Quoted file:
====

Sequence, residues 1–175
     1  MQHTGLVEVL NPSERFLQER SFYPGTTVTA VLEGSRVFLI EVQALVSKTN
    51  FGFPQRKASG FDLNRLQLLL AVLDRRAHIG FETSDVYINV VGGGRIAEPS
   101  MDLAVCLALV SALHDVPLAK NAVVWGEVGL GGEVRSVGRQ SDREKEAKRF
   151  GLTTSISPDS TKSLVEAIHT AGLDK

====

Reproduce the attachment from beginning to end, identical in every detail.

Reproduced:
Sequence, residues 1–175
     1  MQHTGLVEVL NPSERFLQER SFYPGTTVTA VLEGSRVFLI EVQALVSKTN
    51  FGFPQRKASG FDLNRLQLLL AVLDRRAHIG FETSDVYINV VGGGRIAEPS
   101  MDLAVCLALV SALHDVPLAK NAVVWGEVGL GGEVRSVGRQ SDREKEAKRF
   151  GLTTSISPDS TKSLVEAIHT AGLDK